After a year of regulatory warnings and safety debates over "Low T" drugs, it's no surprise that drugmakers like Eli Lilly ($LLY) and AbbVie ($ABBV) expect their testosterone sales to suffer in 2015. But as the mainstream medical community apparently moves away from testosterone-replacement meds, specialized clinics are taking up the charge.
The rise of testosterone use has opened new doors for entrepreneurial doctors, Fusion reports. All over the U.S., clinics that distribute the meds are popping up--across the South in particular. The FDA and EMA may discourage use of the drugs for "lifestyle purposes," but these centers encourage men to do just that. Testosterone can boost energy, muscle mass and sex drive, so why not take advantage, they say.
As one doctor told Fusion, his testosterone clinic is meant to promote wellbeing rather than treat hypogonadism, a medical condition characterized by low testosterone levels. "Our philosophy is to stay out of medical buildings, even though we are medical doctors, because we don't want to be sick-oriented," he said. "I don't prescribe any 'sick' medicines. I prescribe hormones and supplements."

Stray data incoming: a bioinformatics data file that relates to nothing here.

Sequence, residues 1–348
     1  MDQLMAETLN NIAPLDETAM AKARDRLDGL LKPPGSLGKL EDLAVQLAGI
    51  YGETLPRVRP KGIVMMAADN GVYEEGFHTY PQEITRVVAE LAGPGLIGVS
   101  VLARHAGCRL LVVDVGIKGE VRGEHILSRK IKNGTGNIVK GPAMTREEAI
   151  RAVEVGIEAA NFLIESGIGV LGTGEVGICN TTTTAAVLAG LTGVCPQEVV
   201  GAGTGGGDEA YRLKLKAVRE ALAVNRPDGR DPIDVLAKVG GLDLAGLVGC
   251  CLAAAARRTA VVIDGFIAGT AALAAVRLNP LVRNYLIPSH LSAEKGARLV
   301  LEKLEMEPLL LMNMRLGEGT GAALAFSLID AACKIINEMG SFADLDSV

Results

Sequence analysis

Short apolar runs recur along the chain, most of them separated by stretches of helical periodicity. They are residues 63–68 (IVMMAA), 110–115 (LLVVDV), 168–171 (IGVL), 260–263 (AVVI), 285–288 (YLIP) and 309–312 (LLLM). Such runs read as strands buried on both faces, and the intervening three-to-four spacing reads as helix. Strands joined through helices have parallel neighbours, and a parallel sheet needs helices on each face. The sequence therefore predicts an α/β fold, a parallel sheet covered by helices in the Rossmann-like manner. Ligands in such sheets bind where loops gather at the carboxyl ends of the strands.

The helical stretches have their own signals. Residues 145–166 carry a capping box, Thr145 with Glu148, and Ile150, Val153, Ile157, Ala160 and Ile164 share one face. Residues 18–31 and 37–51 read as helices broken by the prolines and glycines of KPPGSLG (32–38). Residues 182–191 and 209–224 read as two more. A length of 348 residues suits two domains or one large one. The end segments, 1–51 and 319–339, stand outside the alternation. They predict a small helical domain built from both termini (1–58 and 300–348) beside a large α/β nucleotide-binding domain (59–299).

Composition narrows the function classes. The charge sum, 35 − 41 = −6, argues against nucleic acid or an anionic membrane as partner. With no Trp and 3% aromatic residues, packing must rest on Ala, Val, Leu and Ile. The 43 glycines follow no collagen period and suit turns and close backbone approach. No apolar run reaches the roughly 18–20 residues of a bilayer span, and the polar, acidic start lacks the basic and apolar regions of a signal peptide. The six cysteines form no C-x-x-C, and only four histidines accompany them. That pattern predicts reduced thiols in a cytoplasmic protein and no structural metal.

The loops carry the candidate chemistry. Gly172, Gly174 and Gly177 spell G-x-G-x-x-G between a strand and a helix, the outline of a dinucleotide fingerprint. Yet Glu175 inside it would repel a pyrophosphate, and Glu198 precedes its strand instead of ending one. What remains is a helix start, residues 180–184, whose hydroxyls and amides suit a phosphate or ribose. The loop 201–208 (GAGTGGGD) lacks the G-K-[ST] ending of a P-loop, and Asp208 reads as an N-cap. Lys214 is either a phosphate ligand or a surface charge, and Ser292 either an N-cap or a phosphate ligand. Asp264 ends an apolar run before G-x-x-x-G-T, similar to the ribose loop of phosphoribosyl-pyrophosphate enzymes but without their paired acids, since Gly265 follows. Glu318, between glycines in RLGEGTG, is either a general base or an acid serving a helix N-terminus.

The market shift could keep testosterone meds chugging along--and judging by recent sales figures and forecasts, they could use the help. Androgel maker AbbVie saw Q4 sales plunge 20% in the fourth quarter, reaching just $230 million. And that's not to mention the generic competition headed its way for the 1% Androgel formulation, which it expects to hit early this year.
Fellow testosterone marketer Eli Lilly also expects a decline for its Axiron drug, which didn't help the Indianapolis drugmaker's already-bleak revenue forecasts. Earlier this month, the company said its 2015 sales would range from $20.3 billion to $20.8 billion, only to later bring the prediction down a peg to $19.5 billion to $20.0 billion.
"The U.S. testosterone market has declined significantly and may be headed lower, affecting our U.S. Axiron sales," CFO Derica Rice said on a guidance call in early January.
And Low-T critics would like to keep it that way, after a testosterone surge--prompted in part by Big Pharma DTC advertising--took the market to all-time highs in recent years. As many experts argue, the therapies come along with cardio risks--safety concerns that regulators are looking into. In the meantime, in September an FDA committee of experts voted 14-1 to recommend that the agency restrict testosterone-replacement therapies to men with a related medical condition, such as a tumor or genetic disorder.
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